Our protein macro shouldn’t change, you are right… Or more like it should be in the right range. Some people need their fat:protein ratio fixed so if they eat significantly more or less calories, they should eat more or less protein. I am more flexible than that but when I eat much more, my protein intake is higher as well, it’s very logical and pretty much unavoidable for me.

I disagree with that formula, I need a way bigger multiplier for protein, more than 1 even for sedentary. It’s individual for multiple reasons. (Hey, even our carb intake is somewhat individual, it’s just not a big range on keto, normally… My body prefers extreme low carbs but actually it matters more where my carbs are from. Other people functions better with more carbs and they may be in ketosis with pretty much from my viewpoint.)

(Bacon enough and time) #116

You might need less protein, for example. People develop extra muscle to help them carry around all the extra fat, so some muscle loss as the fat weight declines is a healthy type of muscle loss (loss from not eating enough protein would be an example of the unhealthy type).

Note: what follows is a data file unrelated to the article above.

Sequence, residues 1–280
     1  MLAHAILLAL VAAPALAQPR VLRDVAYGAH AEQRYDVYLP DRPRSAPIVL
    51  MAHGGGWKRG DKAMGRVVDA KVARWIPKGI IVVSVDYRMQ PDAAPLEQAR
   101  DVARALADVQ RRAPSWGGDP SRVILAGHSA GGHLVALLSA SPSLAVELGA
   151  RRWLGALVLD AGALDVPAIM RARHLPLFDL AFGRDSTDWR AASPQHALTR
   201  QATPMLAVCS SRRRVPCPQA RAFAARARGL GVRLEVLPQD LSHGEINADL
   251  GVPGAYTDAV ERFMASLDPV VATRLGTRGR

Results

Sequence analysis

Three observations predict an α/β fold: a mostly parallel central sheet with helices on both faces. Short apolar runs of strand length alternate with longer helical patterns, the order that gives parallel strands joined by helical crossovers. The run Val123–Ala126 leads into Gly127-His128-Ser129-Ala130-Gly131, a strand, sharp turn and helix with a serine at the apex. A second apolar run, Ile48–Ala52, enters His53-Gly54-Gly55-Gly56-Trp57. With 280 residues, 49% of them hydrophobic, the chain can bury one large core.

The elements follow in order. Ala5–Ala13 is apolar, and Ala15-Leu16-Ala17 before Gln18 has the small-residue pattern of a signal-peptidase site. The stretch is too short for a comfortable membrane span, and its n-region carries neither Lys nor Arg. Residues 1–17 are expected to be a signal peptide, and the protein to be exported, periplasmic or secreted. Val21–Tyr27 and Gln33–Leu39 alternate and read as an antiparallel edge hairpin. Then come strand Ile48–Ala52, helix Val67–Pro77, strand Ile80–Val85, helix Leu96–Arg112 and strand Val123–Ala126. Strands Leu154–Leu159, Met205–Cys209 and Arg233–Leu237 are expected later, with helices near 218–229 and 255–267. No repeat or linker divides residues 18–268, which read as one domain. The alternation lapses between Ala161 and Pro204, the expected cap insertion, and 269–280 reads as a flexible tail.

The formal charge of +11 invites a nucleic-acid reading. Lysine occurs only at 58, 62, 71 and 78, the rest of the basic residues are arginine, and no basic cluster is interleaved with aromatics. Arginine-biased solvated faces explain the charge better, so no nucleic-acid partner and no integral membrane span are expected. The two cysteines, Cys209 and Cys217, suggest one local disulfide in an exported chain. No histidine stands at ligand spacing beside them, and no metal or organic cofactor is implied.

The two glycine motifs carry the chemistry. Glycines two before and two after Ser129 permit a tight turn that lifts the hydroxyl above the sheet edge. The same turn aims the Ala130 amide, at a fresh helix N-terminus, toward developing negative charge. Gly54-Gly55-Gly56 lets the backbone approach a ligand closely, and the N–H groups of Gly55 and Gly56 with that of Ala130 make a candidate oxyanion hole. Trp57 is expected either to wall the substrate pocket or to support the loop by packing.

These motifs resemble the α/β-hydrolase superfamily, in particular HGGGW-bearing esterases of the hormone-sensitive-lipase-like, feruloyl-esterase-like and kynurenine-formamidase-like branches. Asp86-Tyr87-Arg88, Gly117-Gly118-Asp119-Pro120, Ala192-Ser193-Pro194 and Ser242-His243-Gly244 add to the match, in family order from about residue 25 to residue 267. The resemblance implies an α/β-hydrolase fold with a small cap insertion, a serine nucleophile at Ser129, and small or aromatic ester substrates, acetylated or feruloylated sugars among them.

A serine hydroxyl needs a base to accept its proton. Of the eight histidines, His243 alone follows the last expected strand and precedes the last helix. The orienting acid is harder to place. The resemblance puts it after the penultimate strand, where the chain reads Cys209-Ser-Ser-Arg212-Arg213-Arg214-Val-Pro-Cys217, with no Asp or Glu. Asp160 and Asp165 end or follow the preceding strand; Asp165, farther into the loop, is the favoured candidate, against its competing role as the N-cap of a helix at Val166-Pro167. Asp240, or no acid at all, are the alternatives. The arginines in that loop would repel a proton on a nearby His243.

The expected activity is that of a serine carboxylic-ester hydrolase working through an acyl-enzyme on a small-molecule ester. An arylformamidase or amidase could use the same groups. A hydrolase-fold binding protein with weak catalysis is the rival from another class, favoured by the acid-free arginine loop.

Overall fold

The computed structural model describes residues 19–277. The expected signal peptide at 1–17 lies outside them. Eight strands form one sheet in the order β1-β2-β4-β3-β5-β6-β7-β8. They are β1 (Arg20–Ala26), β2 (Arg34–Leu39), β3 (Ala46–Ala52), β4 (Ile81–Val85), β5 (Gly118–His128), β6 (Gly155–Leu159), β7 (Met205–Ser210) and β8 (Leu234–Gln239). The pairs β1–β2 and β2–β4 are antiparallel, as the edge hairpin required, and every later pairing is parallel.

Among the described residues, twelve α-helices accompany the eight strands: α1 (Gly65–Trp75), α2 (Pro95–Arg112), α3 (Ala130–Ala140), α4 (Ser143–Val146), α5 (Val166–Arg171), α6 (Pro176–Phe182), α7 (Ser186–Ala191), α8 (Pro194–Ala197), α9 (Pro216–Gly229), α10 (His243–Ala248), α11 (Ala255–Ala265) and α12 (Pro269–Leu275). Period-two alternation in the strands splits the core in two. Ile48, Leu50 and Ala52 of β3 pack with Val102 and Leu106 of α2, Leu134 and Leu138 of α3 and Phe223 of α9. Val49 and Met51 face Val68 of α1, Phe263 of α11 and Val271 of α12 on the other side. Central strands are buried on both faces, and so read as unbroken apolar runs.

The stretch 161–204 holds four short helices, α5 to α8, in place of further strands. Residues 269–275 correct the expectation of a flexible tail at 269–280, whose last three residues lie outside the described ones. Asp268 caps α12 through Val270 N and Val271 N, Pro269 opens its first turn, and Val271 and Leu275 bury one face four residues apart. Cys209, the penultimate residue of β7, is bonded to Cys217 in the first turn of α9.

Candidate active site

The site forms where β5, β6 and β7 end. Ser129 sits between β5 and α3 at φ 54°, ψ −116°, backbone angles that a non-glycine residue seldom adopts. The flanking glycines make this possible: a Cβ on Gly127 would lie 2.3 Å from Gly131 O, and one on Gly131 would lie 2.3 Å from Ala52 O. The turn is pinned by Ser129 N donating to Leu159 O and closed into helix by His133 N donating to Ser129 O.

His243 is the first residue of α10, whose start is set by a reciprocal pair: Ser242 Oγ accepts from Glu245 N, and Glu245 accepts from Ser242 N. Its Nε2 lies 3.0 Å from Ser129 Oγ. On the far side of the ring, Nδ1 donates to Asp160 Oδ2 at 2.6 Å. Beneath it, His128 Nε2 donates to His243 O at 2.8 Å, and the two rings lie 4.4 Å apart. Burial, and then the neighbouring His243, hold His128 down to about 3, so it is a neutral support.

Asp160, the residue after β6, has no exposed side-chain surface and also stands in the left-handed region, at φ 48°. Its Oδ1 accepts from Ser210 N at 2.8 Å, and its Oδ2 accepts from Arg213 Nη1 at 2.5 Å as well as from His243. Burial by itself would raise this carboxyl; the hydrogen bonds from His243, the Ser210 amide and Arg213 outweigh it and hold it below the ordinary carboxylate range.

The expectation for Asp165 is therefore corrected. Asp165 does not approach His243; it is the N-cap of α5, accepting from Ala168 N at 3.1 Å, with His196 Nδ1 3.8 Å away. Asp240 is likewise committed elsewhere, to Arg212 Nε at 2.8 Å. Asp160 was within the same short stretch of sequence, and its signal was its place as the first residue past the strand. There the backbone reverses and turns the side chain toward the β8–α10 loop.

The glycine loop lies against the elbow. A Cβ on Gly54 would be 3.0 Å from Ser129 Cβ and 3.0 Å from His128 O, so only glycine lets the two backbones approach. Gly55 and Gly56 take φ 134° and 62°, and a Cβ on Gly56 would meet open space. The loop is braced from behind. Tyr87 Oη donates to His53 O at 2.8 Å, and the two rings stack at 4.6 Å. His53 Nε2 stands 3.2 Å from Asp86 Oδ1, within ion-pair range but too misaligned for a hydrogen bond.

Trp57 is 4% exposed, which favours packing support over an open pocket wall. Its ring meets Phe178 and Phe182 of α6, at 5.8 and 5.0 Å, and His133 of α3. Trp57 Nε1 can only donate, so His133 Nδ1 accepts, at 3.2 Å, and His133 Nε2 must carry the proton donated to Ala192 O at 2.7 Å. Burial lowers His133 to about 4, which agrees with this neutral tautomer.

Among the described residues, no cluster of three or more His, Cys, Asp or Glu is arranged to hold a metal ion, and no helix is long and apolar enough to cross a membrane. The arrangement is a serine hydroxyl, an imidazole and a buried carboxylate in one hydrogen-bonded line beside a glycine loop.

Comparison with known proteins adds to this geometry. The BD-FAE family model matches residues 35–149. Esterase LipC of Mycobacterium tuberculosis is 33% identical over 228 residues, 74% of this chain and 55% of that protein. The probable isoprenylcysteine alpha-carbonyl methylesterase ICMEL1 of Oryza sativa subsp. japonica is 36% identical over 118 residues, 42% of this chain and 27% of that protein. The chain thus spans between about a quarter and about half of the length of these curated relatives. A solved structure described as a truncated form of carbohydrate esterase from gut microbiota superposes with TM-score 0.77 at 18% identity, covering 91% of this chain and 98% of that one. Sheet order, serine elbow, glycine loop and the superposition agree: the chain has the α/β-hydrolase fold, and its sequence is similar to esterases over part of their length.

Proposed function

In any case, I can’t help feeling that calculating macros as a percentage of calories is a habit left over from the days, over a century ago, when all that scientists could measure was calories. Nowadays, we know about the effects of different types of foods on our hormones, and that hormonal response from the body seems to be far more important than the absolute number of calories we eat, especially since we now know that the metabolism adjusts to match. As Amber O’Hearn writes, “We need a caloric deficit in order to shed excess fat, but we don’t need to restrict calories in order to achieve such a deficit.” Myself, I prefer to let my body manage things, rather than to try to outwit it.